The European Commission (EC) has approved the use of Novartis’s tisagenlecleucel (Kymriah) and Gilead’s axicabtagene ciloleucel (Yescarta), two chimeric antigen receptor T cell (CAR T) therapies. Already approved by the FDA at the end of 2017, these therapies have been hailed as a breakthrough in cancer treatment by using a patient’s own T cells to combat malignant cells.
Kymriah, the first CAR T-cell therapy ever approved by the FDA, treats B-cell acute lymphoblastic leukemia (ALL) and diffuse large B-cell lymphoma (DLBCL). Yescarta is approved for diffuse large B-cell lymphoma (DLBCL) and primary mediastinal large B-cell lymphoma (PMBCL).
Shortly after the EC approval, the National Institute for Health and Care Excellence (NICE) in the United Kingdom issued a draft guidance stating that Yescarta is too expensive to justify its use in the National Health Service (NHS). Currently, the list price for Yescarta in the United States is $373,000. The draft recommendation is open for comment until September 18, and NICE will meet to discuss the feedback on September 27. The agency is still evaluating Kymriah (listed at $475,000 in the United States).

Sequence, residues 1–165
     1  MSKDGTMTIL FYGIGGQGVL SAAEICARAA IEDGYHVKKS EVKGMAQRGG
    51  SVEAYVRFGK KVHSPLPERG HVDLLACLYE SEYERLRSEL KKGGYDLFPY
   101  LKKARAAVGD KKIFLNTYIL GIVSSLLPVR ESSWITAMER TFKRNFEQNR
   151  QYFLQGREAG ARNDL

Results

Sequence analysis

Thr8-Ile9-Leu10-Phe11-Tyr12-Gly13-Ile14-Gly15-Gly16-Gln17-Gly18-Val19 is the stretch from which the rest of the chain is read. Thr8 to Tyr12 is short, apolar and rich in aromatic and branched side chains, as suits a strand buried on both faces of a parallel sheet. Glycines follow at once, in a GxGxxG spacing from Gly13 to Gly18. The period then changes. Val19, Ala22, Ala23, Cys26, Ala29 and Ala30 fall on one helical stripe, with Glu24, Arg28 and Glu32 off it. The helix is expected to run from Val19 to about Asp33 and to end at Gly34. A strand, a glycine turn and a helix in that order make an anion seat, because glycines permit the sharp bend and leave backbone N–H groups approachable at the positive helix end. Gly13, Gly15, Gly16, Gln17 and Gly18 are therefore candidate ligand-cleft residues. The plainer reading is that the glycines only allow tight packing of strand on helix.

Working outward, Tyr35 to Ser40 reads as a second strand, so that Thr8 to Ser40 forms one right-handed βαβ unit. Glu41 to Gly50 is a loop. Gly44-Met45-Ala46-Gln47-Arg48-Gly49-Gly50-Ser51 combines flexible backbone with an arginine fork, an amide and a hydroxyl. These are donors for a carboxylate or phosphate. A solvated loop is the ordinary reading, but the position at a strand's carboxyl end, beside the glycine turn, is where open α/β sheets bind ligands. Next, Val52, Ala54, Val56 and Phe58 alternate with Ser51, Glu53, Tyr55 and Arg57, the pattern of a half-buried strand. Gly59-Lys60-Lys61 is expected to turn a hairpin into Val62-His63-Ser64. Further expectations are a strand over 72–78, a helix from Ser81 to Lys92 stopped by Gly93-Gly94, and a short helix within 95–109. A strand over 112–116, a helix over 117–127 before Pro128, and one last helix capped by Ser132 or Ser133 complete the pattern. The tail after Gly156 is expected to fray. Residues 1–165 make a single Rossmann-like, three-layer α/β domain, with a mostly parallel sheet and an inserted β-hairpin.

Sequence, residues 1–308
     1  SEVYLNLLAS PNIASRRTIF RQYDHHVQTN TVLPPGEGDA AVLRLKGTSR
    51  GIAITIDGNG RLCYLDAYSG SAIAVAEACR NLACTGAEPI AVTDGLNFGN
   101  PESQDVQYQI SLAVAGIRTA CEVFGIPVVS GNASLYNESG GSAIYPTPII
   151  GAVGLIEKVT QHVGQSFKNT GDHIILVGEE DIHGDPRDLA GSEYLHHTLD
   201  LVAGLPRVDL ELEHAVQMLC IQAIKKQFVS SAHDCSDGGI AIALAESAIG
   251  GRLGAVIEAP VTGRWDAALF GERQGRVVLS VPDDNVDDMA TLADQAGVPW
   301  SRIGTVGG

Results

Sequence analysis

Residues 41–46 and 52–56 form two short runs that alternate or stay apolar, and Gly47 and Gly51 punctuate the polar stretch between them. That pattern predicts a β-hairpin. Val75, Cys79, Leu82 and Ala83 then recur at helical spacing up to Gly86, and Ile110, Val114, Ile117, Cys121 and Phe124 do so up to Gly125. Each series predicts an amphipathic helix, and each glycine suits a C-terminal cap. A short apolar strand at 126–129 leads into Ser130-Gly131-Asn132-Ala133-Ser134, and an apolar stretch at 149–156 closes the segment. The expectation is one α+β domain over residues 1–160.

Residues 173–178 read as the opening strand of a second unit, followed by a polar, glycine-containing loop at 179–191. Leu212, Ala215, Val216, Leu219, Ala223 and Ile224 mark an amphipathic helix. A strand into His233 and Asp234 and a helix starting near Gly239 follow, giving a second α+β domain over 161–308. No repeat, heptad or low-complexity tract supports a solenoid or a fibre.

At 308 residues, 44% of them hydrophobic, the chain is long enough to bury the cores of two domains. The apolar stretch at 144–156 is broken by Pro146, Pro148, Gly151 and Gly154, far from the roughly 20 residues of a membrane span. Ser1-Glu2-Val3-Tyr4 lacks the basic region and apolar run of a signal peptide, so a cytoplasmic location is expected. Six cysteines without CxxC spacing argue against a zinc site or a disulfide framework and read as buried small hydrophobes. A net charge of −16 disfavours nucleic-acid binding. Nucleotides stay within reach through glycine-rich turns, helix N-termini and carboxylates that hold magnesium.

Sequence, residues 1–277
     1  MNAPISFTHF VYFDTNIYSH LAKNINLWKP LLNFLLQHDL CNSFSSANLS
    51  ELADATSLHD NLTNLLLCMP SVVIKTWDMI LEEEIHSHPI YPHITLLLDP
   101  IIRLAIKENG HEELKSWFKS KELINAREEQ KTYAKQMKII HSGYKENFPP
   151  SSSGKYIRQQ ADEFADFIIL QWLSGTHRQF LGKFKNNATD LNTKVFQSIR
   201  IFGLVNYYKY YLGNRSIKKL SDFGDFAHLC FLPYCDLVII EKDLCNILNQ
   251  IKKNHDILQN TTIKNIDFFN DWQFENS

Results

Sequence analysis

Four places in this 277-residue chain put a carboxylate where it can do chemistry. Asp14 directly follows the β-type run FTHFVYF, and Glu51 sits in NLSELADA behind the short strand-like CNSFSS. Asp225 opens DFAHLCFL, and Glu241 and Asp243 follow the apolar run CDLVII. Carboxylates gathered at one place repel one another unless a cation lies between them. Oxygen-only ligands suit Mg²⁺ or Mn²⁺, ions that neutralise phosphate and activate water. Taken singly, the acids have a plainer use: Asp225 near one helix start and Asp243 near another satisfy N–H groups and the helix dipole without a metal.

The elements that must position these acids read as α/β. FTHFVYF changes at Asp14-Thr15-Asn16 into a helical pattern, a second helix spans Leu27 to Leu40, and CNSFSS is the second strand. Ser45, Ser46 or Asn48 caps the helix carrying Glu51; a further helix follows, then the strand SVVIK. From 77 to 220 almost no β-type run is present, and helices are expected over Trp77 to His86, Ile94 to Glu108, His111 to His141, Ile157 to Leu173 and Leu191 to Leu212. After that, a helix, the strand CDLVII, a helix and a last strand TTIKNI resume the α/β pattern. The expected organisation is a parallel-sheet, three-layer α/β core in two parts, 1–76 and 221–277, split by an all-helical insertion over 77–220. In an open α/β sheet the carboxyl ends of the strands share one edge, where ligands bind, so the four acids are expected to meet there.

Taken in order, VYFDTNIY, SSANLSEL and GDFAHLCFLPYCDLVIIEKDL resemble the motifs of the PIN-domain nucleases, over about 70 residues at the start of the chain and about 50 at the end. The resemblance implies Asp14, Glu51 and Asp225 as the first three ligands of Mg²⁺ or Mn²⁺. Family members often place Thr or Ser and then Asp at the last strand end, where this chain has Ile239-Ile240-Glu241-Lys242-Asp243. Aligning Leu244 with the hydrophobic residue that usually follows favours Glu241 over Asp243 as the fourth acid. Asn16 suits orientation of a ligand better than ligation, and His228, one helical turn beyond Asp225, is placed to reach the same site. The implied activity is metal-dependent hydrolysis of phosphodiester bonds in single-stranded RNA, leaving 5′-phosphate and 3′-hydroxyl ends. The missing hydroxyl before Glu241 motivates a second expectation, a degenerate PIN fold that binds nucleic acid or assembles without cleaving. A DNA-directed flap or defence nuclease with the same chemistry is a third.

CAR T therapies will continue to face challenges around reimbursement well into the future, as the cost associated with developing and manufacturing these autologous treatments is high. At Akron, we are working closely with our partners to control the cost of goods associated with the production of these treatments, innovating to make our cGMP ancillary materials more affordable so that they can be introduced at earlier stages in the product development process. Please reach out to learn more about how we can help you contain your cost of goods, ultimately facilitating your product’s transition to market.